Most of the time, we are navigating the cultural differences in the dark. I remember how difficult it was for Sam when a foreign male would greet me with a hug. Sam says that it still bothers him sometimes, but that he understands that this behavior is common among westerners. He told me when we first got married that it would be impossible for either of us to change overnight–“Slowly, slowly, we will learn and change.” And that is what we have done. We also know that my past is culturally unacceptable to him and his present is difficult for me. So we have decided to ignore these things. That makes our marriage very different from those in which partners want to know everything about each other.
Since I fled Kabul, Sam and I have only spoken on the phone. This has really put stress on our relationship. He doesn’t read English so emails are out of the question, so it is just the phone. And for any one who has tried to talk on a phone while the reception is going in and out and you’re missing half of what’s being said you will understand how it is for us.
Q: You mention your distress upon learning that Sam had another wife and, later, that she was going to have another of his children. How have you reconciled the fact of your husband’s other marriage to your American upbringing? Though she is in a different country, does the existence of another wife impact your daily life?
DR: Denial, denial, denial–this seems to be the best way to deal with it. There is no place in my American brain to put this other marriage. I have stopped asking about it, and he has stopped telling me anything. He understands that I could never accept it if she lived in Afghanistan–I could not be the traditional Afghan wife who makes way for another wife–so he would never put me in that situation. The culture here complicates this situation. Divorce is not an option for him: It would destroy his family and shame his name, and his children would suffer. It is very complicated. There are other foreign women here who are married to Afghan men and are in the same situation. We are an informal support group for each other.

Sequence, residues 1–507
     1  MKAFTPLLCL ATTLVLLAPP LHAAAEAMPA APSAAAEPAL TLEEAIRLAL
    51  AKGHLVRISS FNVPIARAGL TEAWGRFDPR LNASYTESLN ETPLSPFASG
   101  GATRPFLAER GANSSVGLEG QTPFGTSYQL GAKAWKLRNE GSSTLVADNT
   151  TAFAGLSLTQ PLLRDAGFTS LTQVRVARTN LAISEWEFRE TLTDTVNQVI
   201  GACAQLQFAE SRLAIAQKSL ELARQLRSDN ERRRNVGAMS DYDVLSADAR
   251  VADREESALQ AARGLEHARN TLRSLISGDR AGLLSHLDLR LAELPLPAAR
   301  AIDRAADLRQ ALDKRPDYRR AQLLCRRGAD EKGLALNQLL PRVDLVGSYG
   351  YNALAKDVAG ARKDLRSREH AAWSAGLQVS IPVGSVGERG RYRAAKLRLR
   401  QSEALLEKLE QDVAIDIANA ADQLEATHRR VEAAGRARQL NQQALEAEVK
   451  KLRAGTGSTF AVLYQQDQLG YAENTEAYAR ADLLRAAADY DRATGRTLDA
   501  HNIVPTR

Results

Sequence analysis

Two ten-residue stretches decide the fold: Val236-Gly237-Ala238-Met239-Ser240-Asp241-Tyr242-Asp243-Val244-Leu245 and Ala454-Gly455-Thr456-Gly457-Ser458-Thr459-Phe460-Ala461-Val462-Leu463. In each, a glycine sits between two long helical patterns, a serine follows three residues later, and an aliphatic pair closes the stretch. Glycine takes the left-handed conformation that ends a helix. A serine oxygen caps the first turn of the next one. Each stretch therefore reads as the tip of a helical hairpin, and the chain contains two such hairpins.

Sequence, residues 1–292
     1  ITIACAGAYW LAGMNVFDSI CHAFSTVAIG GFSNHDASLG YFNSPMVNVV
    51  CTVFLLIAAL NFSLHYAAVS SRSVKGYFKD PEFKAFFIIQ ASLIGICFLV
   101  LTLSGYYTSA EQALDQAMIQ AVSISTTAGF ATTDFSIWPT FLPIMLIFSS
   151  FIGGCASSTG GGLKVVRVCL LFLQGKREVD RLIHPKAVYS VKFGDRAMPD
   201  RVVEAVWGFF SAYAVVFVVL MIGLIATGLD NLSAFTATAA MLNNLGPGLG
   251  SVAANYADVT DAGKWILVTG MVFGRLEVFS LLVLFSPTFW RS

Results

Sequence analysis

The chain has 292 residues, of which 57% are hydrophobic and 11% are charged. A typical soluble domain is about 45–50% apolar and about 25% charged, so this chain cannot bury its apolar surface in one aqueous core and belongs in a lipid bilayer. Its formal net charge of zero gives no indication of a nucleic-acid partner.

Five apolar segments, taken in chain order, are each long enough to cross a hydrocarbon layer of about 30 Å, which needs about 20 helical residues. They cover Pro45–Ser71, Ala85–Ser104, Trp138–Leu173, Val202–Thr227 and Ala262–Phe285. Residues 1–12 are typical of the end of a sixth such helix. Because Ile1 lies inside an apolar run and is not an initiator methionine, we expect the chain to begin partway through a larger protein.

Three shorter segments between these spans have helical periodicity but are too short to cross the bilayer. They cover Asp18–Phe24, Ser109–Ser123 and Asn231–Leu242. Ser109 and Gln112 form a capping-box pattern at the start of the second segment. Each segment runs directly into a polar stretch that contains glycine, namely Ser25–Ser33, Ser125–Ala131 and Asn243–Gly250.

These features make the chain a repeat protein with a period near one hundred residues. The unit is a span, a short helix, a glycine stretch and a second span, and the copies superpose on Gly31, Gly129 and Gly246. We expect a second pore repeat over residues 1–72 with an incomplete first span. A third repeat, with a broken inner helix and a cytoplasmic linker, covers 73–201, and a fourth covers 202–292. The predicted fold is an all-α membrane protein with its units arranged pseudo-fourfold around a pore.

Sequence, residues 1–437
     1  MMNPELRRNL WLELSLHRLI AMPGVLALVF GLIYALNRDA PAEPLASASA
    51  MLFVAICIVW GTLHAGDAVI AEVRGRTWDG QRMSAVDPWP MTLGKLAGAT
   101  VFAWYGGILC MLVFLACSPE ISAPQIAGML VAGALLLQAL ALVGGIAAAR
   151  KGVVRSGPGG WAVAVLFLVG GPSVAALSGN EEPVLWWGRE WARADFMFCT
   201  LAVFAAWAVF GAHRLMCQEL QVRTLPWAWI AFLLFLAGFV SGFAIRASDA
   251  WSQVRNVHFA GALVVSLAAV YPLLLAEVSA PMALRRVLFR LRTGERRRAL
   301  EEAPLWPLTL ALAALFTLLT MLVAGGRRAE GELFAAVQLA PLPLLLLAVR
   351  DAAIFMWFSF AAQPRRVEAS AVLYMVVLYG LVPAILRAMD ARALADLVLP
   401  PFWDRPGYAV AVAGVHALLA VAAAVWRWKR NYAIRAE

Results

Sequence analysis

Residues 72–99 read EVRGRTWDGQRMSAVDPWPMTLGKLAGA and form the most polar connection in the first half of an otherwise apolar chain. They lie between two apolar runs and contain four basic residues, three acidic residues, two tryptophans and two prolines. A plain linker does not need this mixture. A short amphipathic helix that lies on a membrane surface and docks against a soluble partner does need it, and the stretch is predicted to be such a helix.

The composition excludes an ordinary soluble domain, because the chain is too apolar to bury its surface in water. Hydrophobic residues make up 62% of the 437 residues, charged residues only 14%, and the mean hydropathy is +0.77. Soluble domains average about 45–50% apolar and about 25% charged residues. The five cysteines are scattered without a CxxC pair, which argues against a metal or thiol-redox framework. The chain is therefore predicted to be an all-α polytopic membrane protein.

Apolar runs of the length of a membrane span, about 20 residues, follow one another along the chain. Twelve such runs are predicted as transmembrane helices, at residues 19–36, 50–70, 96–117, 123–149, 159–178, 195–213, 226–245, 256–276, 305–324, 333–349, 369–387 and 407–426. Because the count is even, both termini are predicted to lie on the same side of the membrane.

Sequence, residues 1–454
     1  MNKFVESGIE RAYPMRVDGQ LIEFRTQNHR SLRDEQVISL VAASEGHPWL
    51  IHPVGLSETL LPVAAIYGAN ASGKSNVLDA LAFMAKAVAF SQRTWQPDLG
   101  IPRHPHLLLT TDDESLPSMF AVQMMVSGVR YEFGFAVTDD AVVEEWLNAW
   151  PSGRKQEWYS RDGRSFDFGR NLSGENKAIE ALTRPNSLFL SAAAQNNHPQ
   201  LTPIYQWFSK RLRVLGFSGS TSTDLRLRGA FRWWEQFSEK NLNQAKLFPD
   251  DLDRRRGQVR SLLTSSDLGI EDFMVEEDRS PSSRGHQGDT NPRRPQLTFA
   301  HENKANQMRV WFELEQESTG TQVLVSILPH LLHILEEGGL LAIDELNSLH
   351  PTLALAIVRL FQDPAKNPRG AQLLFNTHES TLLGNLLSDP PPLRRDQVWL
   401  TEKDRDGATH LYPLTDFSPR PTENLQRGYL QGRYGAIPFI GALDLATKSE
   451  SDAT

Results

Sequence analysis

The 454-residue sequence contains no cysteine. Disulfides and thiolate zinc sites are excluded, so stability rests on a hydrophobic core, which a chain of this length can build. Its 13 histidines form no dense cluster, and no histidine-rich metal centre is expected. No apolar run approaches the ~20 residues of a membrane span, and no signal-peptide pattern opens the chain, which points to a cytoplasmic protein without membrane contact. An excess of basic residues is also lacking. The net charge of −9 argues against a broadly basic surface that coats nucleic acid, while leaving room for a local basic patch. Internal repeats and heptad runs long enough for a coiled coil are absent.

It was difficult and embarrassing for me to even tell people that Sam had another wife. It took me a long time to talk about the last child; to this day, I don’t like to talk about him. It wasn’t until I wrote the book that I even spoke of it at all. I hesitated putting it in the book because my mom didn’t even know; she found out by reading my story. I kind of hoped she would skip that part.
Q: You describe both your life in the United States and your life in Afghanistan. Many people feel that they have a hard time balancing work and home when work is only a one or two hour commute away. How do you stay connected to your family in the US? As a mother, how do you maintain your relationship with your sons in the US?
DR: Thank God for the internet and telephones! We email and talk on the phone a lot. I’m very close to my mother and my kids; even though I don’t see them very often, I feel that they are always with me. Sometimes that’s not enough, though: I brought Zach to Kabul because I really felt he needed to be closer to me. Now, he is going to school in Northern Cyprus–just a short flight away.
I feel that my experience in Afghanistan has opened up a different world for my boys. For my mother, too–she left America for the first time ever to visit me in Afghanistan. And if I had not been in Afghanistan, I would have never thought about sending Zach to school in Northern Cyprus.
Its hard for any mother–even with what is considered a normal life– to be without guilt. We all wonder if we’re good mothers. I struggle with this on a daily basis. I also battle the guilt that I was not in the States with my mother when my dad died, nor was I there when her house burned down. If I think about it too much, I would drown in guilt.